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Bill Roth, Ulitzer Editor-at-Large

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The Duqu Worm—As troublesome as Stuxnet?

Today, Symantec announced its latest discovery, Duqu. Quite ominously, it is being called the precursor to the next Stuxnet, an attack that is often considered the most complex of this decade. In fact, activity is still being linked to the Stuxnet team.

So what kind of havoc is Duqu wreaking? According to the Symantec report, essentially the Duqu worm (called that because it creates files with the file name prefix “~DQ”) is logging keystrokes and using encryption assets from Taiwanese certificate authorities to encrypt and extract payloads. So far, only a few sites are known to be attacked the Duqu code. Still, certificate authorities are being encouraged to check their systems and inventory to confirm that they have not been compromised.

What is alarming is just how similar Duqu is to Stuxnet. The infection model and just about everything else is the same—there is just no need for a nuclear centrifuge this time. Organizations that have a solid logging infrastructure on their network would clearly notice connections to unknown, foreign hosts. This would be a dead giveaway that you have been hacked. People who do not monitor their networks with a log management infrastructure are like the homeowner who buys fake surveillance cameras for their house…and still gets ripped off.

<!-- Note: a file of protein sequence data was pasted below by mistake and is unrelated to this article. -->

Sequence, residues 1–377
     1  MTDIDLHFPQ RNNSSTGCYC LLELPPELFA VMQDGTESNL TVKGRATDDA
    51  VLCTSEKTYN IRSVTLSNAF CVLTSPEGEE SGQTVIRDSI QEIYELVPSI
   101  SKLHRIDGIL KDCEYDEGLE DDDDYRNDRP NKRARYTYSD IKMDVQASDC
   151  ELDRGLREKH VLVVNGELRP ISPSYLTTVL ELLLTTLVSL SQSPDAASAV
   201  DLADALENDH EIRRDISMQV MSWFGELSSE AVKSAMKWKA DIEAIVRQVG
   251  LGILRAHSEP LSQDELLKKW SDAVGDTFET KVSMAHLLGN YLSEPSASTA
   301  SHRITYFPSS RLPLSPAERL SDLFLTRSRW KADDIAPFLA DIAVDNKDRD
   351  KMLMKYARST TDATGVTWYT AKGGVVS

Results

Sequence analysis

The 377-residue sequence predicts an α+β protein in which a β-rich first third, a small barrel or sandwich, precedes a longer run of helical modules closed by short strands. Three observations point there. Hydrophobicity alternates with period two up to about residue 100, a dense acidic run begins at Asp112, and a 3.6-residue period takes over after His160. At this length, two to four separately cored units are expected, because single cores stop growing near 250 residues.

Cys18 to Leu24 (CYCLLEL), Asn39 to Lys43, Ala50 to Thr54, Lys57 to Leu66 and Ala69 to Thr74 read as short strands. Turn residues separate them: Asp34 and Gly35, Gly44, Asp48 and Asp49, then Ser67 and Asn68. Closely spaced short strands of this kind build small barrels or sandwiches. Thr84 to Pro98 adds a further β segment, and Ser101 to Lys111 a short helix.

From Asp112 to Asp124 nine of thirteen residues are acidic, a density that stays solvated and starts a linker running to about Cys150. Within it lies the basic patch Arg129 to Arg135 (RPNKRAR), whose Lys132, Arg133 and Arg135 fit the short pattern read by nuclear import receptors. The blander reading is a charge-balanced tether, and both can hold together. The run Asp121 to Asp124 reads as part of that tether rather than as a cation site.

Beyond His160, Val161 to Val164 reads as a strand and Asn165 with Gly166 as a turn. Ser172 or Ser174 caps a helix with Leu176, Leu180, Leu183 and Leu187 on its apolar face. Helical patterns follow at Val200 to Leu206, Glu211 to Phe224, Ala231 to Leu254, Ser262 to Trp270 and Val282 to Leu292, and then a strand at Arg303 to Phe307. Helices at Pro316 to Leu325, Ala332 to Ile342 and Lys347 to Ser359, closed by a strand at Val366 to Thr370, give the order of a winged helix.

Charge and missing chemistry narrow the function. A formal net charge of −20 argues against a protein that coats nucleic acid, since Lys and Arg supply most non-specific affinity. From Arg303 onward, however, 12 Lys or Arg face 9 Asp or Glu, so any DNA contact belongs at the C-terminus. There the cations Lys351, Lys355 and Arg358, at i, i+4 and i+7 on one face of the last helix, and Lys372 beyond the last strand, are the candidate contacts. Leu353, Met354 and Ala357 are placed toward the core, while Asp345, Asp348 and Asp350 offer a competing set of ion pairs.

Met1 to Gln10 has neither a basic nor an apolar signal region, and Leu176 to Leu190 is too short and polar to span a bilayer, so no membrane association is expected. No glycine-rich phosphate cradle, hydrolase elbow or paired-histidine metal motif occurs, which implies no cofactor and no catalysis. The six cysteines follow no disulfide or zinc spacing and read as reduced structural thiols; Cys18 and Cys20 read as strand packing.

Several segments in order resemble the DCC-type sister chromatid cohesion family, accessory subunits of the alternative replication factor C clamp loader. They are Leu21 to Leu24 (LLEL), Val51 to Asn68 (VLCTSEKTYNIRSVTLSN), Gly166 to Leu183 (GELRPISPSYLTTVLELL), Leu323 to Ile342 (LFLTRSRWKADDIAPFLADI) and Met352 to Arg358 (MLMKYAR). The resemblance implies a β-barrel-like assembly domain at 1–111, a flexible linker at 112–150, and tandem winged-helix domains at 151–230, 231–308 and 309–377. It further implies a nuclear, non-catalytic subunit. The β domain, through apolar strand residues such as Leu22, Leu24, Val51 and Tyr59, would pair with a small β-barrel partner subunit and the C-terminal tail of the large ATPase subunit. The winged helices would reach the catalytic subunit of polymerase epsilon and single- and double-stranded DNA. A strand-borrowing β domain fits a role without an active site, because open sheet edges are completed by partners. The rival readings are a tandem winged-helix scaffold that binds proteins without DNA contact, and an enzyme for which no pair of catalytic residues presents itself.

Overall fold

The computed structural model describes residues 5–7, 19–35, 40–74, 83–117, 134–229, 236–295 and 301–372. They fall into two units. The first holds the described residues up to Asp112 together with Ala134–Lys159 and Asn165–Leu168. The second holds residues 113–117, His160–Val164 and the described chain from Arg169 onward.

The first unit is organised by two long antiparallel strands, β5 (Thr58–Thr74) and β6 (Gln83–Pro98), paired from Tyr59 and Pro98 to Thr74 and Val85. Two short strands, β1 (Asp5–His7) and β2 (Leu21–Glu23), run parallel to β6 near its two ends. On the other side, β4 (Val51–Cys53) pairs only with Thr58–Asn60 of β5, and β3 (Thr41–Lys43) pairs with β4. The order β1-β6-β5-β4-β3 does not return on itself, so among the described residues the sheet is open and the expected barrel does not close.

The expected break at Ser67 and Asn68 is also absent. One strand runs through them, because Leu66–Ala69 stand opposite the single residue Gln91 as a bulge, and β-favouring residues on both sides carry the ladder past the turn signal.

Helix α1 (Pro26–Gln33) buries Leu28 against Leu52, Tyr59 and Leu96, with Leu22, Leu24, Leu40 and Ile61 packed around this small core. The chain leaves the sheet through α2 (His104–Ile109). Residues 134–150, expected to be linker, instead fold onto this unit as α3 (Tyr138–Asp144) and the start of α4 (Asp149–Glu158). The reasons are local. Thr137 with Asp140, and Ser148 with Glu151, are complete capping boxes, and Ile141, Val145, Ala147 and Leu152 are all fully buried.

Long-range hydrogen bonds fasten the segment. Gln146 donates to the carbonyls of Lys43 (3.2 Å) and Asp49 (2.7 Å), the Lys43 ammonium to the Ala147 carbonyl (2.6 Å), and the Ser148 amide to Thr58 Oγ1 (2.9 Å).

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Bill Roth is a Silicon Valley veteran with over 20 years in the industry. He has played numerous product marketing, product management and engineering roles at companies like BEA, Sun, Morgan Stanley, and EBay Enterprise. He was recently named one of the World's 30 Most Influential Cloud Bloggers.